St. Paul's doctors work on mental health study

John Lehmann/The Globe and Mail

For every $1 spent providing housing and support for a homeless person with severe mental illness, $2.17 in savings are reaped because they spend less time in hospital, in prison and in shelters.

That is the most striking conclusion of a study, obtained by The Globe and Mail, that tested the so-called Housing First approach to providing social services.

Beyond the cost savings, the new research shows that placing an emphasis on housing gets people off the streets and improves their physical and mental health.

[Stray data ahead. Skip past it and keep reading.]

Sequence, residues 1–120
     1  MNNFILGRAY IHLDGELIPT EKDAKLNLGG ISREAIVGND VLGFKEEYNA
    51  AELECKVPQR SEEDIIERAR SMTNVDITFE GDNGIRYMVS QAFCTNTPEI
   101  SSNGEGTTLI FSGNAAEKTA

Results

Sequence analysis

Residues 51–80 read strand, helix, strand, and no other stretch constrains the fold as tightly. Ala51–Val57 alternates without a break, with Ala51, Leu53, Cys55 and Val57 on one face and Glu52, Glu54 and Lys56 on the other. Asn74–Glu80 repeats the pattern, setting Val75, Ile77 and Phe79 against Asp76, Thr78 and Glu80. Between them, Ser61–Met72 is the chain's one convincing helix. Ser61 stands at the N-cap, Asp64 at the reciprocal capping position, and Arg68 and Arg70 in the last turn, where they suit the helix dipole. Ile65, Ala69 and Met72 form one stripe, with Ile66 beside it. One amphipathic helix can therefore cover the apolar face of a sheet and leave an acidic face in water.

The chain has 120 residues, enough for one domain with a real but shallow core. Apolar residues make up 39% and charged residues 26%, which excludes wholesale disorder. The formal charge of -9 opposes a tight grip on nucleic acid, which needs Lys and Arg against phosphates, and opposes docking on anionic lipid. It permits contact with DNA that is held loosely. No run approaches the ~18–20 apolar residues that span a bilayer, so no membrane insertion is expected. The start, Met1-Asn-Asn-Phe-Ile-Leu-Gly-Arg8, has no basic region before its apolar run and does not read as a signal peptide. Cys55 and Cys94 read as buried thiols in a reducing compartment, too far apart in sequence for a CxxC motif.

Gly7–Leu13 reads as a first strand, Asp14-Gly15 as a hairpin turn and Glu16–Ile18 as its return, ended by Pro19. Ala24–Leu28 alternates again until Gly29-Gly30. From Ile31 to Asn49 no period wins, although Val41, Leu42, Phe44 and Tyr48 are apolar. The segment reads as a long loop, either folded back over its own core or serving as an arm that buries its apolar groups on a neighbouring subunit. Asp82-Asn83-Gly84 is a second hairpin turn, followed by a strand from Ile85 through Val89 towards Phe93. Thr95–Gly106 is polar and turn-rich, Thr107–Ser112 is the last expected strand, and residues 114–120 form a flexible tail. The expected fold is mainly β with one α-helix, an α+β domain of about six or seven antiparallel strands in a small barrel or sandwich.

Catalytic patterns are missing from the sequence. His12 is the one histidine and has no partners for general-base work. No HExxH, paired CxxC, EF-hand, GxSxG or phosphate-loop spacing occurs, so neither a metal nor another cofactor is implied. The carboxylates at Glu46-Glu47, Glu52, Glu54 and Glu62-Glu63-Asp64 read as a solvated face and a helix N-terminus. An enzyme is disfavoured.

“A house is so much more than a roof over one’s head. It represents dignity, security and, above all, hope,” said Louise Bradley, president and CEO of the Mental Health Commission of Canada.

Andre Picard Reports

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